5. What studies have been done to date? How will the community and neighbors learn of their findings?

We are nearing the completion of the Existing Conditions Analysis which will help us better understand the property and how we care for and use it. To date, the analysis has included a geological study, an arborist report and tree survey, as well as a utilities and site survey by a civil engineer. A summary of the findings will be presented at a virtual community meeting at the end of June, with the announcement of the meeting sent by mail, through the website, and by phone, when requested. The presentation will also be posted on this website along with the request for feedback and continued community input.

6. Given Shelter in Place restrictions, how will community input take place?

At the end of February, we initiated an interactive website ( in order to share as much as possible with the community. Input for the first series of Listening Sessions in April was solicited through the website, by mail, and by phone. Within the confines of Shelter in Place, we have continued to work hard at communicating with and gaining input from neighbors in multiple ways including the website, voice mail, two communications mailed to the surrounding neighborhoods, and many Coffee Chats both on-line and by phone. As noted above, a virtual community meeting will be scheduled at the end of June to share the findings of the Existing Conditions Analysis. The presentation will then be posted on this website with an opportunity to ask questions and provide input on the findings, as well as schedule future Chats. We will continue to seek additional ways to involve our neighbors and the broader community, and we welcome your suggestions on how best to engage and communicate with you. Previous mailings are included on the website in the Neighborhood Communications tab.

7. When will you have plans to share?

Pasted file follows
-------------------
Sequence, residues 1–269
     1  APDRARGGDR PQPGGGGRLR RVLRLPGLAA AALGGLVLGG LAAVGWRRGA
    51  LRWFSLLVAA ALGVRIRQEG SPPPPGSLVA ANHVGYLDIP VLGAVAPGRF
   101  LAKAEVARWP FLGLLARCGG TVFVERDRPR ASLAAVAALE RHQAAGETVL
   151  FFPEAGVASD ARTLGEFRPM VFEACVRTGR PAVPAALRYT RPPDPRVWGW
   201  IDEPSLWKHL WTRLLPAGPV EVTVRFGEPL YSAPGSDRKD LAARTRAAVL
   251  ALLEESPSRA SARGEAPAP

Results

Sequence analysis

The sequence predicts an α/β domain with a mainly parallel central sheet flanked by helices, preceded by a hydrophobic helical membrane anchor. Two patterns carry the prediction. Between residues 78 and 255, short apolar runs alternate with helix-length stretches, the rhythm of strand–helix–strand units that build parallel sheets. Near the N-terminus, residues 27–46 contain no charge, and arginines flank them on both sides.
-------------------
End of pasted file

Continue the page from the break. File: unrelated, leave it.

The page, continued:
We will give careful consideration to the findings of the Existing Conditions Analysis and the community input to date, as well as financial feasibility assessments, combining them to create the outlines of a balanced, responsible plan that achieves our primary goals as stated earlier. We intend to have conceptual plans to share with the Burlingame community by the end of the third quarter of 2020.

8. What information can you share about the proposed Mercy High School Student and Athletic Center?

Mercy High School's proposed Athletic and Student Life Center answers a growing need for more collaborative space for the student body, faculty, and staff to gather and build community. As the only school of the 14 high schools in the San Francisco Archdiocese that does not have its own indoor space for athletics and school-wide community gatherings, Mercy has limited on-campus indoor facilities and no current indoor space large enough for the entire student body to meet.
It is imagined that the Athletic and Student Life Center would be in the area now occupied by the tennis courts. In addition to providing much needed athletic practice and competition space, it would provide a space where the entire Mercy community could join in all aspects of student life and athletics, including meetings, rallies, and other events.
Mercy High School has a strong history and future in the Peninsula community, and the addition of an Athletic and Student Life Center will further strengthen the school's ability to attract prospective students while reinforcing the strong sense of community that defines Mercy High School.